>> Some scholars believe the opposite, however - that Sualtaim wasn't the
> original name of his father, but rather an epithet of Cu Chulainn's that
>> misinterpreted as a patronym.
> I've never heard that. Do any of these scholars offer an opinion as to its
I have seen it explained as "well-nurtured boy" (mac so-alte).
> I certainly agree it's a similar construction to Cunobelinus. However,
> are other legandary or semihistorical Irish figures with names beginning
> with Cú, two kings of Ulster called Cú Ulad and the Eóganacht ancestor
> Cú-cen-máthair spring to mind, which have clear meanings not associated
> any deity. Another I've found is a Dál nAraide king called Cú Chuarán,
> according to DIL could mean either "little crooked hound" or "hound of the
> shoes" - are you aware of any possible divine interpretation for this one?
No, I am not.
You are correct in suggesting that we need not expect every Cuno- + X name
to contain a theonym; in fact -belinos in the name Cunobelinos could be a
common noun. Other than Cunobelinus, I can't find any other examples of
compound Cuno- names that possibly contain a theonyms. There is a Cunomap-
listed in Delamarre's "Noms de personnes celtiques dans l'epigraphie
classsique", which I would love to read as *Cunomaponos, but obviously the
name is incomplete and this is just wishful thinking. There are two Welsh
names, Cynddylan and Cynfran, that might be relevant, but we can't be
absolutely sure that Dylan and Bran were in origin pagan gods (and, once
again, they might be common nouns in these two names).
> As for Culann, I'm definitely a minimalist when it comes to proposing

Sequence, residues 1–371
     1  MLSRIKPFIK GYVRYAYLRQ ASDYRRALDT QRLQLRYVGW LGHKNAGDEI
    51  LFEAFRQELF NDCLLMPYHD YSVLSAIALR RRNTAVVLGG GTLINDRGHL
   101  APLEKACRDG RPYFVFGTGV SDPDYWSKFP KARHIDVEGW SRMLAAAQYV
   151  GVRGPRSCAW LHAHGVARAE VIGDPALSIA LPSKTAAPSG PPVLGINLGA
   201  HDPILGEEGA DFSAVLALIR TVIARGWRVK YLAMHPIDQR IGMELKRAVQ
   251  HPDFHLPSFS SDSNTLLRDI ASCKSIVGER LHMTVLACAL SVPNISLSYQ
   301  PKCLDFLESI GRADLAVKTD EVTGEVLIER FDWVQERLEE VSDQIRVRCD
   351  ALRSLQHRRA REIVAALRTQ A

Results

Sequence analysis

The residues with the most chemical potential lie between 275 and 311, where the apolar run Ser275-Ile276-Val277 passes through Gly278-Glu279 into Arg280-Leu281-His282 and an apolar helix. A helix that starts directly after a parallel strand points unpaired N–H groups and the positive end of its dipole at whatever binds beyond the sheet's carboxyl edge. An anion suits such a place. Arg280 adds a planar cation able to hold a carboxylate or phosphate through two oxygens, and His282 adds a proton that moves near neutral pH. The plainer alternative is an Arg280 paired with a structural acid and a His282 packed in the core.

> deities. Does Culann (Culand, Cauland, or any other identifiable
> appear in any other context, or is there a cognate name from another
> region, that might lead us to suspect a god behind the character?
Hard to say - I don't think there are any inscriptions to a god named
anything like *Calunos or *Calu: (gen. *Calunos).
I searched for similar looking names in the Clauss-Slaby databse and found
some interesting (though fully mortal) results:
CIL 03, 06010,249
Wien / Vindobona
CIL 03, 11586 = ILLPRON 00275 = AEA 1999/00, +00070 = AEA 2004, +00019
Magdalensberg / Virunum
Postum[i]a P(ubli) l(iberta) / Adginna / P(ublius) Postumius Calon(is) /
l(ibertus) Donatus / sibi et suis v(ivi) f(ecerunt)
If the Proto-Irish form of Culann's name was nom. *Calu:, oblique *Calun-,
we might have cognates here (if these are indeed examples of a Gaulish
n-stem *Calu: Latinized as Calo:).
CIL 12, 01088 (p 821) = ILN-04, 00008
Apt / Apta
Minerv/ai [T]ull/a Auca/lonis / [f(ilia)] v(otum) s(olvit) [l(ibens)]
Perhaps a comound of *au- "away from/out of" (or *au- "desire/favor"?) +
AE 2004, 01145
Paty / Aquincum
Limarus / Cucalonis fil(ius) / an(norum) XVI
CIL 05, 05227 (p 1095) = D 04824
Transpadana / Regio XI
Matronis et / Geniis Ausuciatium / consacravit / Arvius Nigri f(ilius)
nomine / suo et C(ai) Semproni Nigri et / Banionis Cucalonis filiae /
CVCALI (potter's stamp from Lezoux)
If an exact, non-compound cognate of Cu Chulainn existed in Gaulish, I would
expect it to look something like nom. *Cu: Calunos (gen. *Cunos Calunos); am
I totally off-base in imagining that the name Cucalo: in these two
inscriptions could be somehow related? Of course, we could simply have here
derivatives of a root *cuco- (+ -alo- suffix).
AE 1975, 00516
Coria / Caurium
Amoeneae(?) / Cacalonis f(iliae) / [L]ucius Tal/[a]bi f(ilius) uxsori(!)
CIL 02, 00153 = IRCPacen 00565b
Cacalo / Avioli / lib(erto) / hic / sit(us)
Perhaps two more instances of the name above from Lusitania, if we accept
that it displays some sort of Iberian Celtic confusion of -u- and -a-
(compare instances of Camalo- from Iberia vs. Gaulish Camulo-).
- Chris Gwinn